Team identifies inflammation-fighting nanoparticles in honey
Sugars make up about 95% of honey, explaining how the substance became synonymous with sweetness and a food staple of bee colonies, which repeatedly digest and regurgitate flower nectar to produce it.
But people have also historically used honey as an ointment, hinting at anti-inflammatory properties that researchers are now investigating. Some of that research suggests honey can act on a protein called NLRP3, which triggers beneficial inflammation during immune responses but has also been implicated in diabetes, Alzheimer's and other diseases.
A multidisciplinary team of Nebraska researchers, led by Jiujiu Yu, went searching for overlooked components of honey that could help explain its anti-inflammatory activity. When they did, they found so-called extracellular vesicles: tiny membrane-protected particles that often carry proteins, ribonucleic acids and other biomolecules from one cell to another and have been identified in many foods.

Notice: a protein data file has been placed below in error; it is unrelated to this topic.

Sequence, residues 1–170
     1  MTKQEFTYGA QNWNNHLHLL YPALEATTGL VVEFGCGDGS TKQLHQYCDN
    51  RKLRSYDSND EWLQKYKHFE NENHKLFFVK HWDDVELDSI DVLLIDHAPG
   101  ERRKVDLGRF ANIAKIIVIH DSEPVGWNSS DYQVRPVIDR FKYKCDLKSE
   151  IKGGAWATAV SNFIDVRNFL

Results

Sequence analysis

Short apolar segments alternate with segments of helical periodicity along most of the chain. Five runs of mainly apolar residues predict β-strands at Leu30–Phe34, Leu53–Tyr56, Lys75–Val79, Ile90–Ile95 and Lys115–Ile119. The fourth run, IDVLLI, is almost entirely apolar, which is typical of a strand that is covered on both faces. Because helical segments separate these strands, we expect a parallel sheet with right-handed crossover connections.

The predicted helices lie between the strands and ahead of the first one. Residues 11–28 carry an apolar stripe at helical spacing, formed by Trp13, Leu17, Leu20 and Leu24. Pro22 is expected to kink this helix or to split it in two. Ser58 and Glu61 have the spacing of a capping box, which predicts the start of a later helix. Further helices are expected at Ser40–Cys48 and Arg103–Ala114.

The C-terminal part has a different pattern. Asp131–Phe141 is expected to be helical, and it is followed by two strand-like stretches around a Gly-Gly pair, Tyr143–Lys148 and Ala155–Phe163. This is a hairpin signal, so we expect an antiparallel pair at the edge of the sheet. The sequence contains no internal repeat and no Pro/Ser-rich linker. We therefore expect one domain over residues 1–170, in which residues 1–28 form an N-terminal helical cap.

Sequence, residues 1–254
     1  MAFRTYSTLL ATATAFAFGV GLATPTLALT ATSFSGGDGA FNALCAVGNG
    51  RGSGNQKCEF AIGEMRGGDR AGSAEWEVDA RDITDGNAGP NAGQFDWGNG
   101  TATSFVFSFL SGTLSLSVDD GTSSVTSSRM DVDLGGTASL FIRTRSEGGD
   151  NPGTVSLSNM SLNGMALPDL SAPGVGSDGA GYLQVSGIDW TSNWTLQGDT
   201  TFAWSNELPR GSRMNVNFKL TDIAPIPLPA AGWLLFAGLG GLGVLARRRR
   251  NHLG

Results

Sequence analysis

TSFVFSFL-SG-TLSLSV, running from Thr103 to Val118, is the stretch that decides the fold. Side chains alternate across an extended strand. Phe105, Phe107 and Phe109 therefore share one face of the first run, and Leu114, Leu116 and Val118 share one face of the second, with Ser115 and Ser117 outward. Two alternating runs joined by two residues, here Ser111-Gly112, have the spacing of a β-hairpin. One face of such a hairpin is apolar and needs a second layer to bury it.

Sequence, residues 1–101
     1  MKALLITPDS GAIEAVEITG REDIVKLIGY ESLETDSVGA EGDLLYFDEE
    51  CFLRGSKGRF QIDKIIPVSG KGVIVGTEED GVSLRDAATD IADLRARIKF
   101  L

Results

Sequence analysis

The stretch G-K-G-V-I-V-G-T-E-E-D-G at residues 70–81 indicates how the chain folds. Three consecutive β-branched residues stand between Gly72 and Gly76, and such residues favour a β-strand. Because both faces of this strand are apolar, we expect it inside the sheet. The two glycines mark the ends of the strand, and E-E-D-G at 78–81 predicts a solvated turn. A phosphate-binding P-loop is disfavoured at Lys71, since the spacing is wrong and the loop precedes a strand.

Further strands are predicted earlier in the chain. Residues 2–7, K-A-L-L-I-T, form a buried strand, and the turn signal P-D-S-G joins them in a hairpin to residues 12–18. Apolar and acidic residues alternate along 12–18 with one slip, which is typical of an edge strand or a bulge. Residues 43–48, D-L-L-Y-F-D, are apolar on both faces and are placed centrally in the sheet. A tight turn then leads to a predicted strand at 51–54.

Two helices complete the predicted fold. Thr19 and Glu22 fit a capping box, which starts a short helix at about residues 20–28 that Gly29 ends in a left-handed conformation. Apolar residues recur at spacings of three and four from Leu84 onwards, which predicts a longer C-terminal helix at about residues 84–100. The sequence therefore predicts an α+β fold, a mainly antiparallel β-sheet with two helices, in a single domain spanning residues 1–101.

The honey-housed vesicles contained 142 proteins from plants and 82 from honey bees, consistent with a nanoparticle produced by a flower, then consumed and regurgitated by the bees.
To test whether the vesicles themselves help combat inflammation, the team placed them alongside white blood cells that produce the inflammation-triggering NLRP3 protein, then kickstarted inflammatory processes. The vesicles substantially reduced the production and secretion of multiple inflammation-causing proteins, along with the inflammation-related death of certain cells. And when the team injected mice with the vesicles, it found that the nanoparticles partly alleviated both inflammation and drug-induced liver injury.
The researchers identified microribonucleic acids, or microRNAs, as the main anti-inflammatory cargo within the vesicles, even pinpointing a particular microRNA most responsible for the effects.
Further studies would need to establish whether and how vesicles consumed via honey actually curb inflammation in people, the researchers said. Studying how they interact with bacteria in the human gut could be a worthwhile starting point.